The B flat Trio sets off very steadily, at a tempo that could still just about be called an allegro moderato. There is also enough rhythmic lift to the various dotted motifs to maintain some impetus, and a slight ritardando to ease into the flowing second subject. The later Schubert rarely seems in a great hurry so why not take some time to enjoy the beauties along the way? In the 6/8 Andante un poco mosso that “poco mosso” (‘a little animated’) is not quite reflected in another leisurely tempo. The cello’s restraint in the use of vibrato here is appealing and the phrasing of the great melody unaffected – and so affecting. The scherzo is delightful throughout, and at just the right tempo for its easy-going manners. The rondo finale (perhaps not the strongest movement of the four) outstays its welcome a little in this performance. Overall a very pleasing and idiomatic account, lacking a little in pace and sparkle at times, but with many compensating subtleties.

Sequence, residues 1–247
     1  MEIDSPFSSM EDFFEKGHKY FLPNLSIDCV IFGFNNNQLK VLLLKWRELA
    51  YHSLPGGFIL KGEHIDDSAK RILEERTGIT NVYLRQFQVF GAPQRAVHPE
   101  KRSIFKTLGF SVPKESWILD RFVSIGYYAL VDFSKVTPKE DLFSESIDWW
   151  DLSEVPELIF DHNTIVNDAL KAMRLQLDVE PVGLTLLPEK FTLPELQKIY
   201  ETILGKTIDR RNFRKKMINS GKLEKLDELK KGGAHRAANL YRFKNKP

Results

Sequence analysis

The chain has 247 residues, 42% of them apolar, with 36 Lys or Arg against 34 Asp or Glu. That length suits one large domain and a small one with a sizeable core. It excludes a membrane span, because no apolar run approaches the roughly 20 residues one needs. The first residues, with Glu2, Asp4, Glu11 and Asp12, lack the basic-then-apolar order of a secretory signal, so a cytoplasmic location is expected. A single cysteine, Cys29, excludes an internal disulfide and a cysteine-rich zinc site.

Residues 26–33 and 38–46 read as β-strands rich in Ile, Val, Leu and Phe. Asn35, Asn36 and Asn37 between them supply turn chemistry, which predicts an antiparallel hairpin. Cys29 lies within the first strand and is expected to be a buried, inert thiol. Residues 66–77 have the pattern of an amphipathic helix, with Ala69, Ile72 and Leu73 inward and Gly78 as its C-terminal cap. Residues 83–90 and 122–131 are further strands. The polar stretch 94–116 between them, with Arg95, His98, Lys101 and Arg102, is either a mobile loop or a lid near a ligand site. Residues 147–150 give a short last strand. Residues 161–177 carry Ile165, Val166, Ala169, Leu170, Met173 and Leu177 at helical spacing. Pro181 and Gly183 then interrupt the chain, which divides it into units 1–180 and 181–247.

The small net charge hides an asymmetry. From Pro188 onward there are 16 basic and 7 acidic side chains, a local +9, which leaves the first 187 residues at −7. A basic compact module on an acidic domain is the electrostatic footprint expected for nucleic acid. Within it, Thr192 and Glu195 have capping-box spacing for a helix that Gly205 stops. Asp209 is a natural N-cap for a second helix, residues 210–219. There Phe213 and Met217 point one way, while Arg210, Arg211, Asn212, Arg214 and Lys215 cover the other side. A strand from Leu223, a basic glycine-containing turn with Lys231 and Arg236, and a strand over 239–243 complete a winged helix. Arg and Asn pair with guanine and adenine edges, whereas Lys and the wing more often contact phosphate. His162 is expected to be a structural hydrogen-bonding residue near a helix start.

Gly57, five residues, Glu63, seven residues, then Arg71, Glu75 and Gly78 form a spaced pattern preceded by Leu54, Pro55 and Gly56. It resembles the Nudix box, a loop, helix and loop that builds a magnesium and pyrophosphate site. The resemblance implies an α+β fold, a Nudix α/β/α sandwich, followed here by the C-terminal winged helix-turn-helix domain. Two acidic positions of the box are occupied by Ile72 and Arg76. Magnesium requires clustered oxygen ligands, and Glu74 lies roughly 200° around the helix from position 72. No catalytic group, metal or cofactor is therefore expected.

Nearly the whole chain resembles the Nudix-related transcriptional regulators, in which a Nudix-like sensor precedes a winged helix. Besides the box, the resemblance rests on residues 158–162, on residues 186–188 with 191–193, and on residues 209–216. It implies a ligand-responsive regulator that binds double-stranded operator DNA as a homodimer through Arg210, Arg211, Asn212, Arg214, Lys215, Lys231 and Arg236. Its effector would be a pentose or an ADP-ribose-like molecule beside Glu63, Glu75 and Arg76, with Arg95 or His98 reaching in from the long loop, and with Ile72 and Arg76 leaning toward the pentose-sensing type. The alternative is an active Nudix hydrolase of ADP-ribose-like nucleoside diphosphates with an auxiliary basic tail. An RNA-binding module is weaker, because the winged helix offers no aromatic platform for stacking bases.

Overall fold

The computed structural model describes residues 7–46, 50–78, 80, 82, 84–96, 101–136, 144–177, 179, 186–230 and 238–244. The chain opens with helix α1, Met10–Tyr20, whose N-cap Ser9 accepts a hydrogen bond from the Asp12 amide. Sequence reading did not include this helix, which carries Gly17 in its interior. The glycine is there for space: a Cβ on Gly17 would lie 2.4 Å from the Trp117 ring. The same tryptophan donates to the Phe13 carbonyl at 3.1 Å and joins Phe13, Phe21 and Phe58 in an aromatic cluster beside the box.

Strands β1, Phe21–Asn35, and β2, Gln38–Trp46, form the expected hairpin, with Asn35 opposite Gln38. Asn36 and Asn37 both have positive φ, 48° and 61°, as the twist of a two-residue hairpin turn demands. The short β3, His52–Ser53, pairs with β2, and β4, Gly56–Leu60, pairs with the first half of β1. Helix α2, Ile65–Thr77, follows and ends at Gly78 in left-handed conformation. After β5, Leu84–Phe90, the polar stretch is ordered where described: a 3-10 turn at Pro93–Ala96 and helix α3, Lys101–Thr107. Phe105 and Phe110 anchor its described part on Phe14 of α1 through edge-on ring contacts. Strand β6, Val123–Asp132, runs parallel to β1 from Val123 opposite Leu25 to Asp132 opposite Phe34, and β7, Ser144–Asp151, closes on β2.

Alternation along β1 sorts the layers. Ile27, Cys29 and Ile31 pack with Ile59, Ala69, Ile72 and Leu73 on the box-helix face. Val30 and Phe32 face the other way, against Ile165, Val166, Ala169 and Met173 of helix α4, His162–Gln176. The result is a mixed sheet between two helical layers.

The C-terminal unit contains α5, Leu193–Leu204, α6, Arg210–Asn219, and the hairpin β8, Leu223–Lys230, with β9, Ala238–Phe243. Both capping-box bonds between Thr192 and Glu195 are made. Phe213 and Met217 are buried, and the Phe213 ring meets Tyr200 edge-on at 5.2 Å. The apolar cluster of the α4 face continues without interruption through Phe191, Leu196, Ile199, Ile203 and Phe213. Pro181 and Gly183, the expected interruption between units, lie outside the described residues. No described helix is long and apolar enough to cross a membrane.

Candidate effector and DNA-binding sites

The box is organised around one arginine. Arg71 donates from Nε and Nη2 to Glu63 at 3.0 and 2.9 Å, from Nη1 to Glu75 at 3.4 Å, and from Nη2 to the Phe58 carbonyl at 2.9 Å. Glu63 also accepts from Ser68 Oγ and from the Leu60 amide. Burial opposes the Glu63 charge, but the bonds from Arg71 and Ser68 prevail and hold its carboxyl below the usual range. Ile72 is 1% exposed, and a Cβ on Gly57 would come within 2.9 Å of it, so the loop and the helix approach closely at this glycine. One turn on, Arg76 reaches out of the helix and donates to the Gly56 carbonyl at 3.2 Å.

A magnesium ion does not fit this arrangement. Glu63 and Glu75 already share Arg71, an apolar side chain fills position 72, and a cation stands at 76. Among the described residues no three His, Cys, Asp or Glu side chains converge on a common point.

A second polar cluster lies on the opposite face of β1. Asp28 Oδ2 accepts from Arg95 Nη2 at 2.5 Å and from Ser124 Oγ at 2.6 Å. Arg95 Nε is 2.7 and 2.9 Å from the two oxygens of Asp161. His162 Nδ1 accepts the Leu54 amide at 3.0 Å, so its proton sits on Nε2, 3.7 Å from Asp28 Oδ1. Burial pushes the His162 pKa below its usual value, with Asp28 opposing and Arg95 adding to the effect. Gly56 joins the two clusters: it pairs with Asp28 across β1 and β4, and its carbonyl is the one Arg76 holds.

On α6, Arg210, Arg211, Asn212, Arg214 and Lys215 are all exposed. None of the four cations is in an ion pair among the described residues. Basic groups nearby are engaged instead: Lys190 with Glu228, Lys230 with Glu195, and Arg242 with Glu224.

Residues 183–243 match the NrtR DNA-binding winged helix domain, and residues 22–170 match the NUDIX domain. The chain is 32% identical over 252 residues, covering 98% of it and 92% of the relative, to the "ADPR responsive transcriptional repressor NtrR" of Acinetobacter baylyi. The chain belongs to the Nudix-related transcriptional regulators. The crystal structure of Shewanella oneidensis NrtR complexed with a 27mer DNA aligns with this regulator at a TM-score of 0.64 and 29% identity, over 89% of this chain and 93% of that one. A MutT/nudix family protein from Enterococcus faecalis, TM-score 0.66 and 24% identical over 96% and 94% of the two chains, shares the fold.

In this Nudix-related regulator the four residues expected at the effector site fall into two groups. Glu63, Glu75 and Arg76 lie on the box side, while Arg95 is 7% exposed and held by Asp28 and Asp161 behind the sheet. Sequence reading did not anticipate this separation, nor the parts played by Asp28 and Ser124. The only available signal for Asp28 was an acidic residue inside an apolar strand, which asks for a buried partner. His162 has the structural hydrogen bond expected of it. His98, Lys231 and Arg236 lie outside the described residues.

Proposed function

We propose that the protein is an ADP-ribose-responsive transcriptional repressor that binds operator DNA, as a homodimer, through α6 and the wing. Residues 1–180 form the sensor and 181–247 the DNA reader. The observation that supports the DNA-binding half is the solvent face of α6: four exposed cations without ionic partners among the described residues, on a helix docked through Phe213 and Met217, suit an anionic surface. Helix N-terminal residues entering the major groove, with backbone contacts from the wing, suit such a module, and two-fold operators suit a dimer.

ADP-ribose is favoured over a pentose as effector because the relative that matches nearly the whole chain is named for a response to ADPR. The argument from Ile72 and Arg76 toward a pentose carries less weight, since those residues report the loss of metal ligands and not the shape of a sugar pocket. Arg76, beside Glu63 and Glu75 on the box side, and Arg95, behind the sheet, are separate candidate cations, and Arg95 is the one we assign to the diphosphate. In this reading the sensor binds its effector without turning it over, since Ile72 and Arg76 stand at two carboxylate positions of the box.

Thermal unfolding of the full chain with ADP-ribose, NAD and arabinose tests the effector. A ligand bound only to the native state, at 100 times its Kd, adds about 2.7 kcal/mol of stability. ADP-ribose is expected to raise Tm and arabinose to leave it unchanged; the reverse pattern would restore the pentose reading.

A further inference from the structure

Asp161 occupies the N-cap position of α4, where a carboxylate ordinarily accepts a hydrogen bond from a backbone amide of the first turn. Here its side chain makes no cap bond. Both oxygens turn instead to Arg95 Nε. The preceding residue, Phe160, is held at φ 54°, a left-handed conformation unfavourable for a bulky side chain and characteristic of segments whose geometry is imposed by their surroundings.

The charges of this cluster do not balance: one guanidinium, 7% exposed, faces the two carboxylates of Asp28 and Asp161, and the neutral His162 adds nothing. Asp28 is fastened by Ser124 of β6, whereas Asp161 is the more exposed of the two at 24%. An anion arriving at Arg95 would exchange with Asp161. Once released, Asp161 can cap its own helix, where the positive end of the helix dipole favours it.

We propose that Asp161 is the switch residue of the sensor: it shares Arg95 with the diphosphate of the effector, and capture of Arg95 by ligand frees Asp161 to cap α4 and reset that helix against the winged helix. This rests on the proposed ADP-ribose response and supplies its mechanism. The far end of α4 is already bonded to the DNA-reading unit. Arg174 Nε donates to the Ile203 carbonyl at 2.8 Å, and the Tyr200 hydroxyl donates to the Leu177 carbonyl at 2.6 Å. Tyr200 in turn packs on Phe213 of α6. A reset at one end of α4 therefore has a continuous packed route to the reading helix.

The E flat Trio gets a similar interpretation, serious, committed and expertly played, with many a passing detail lovingly indulged. In both trios the dynamic markings are scrupulously observed. These musicians are believers in Schumann’s observation about Schubert’s “heavenly length” and both the outer movements here are taken at a broad tempo, though never one which sounds perversely slow. There is nothing equivalent to one’s first hearing of Sviatoslav Richter opening Schubert’s B flat piano sonata D960, which is usually “What? Is he serious?” Of course, for some of us it then became a compelling alternative to ‘normal’ versions. But Trio Rafale favour tempi, and their repeat selections, which seem designed to ensure that we pay attention to every bar, sometimes twice. It perhaps needs some comparative data to put this feeling into context.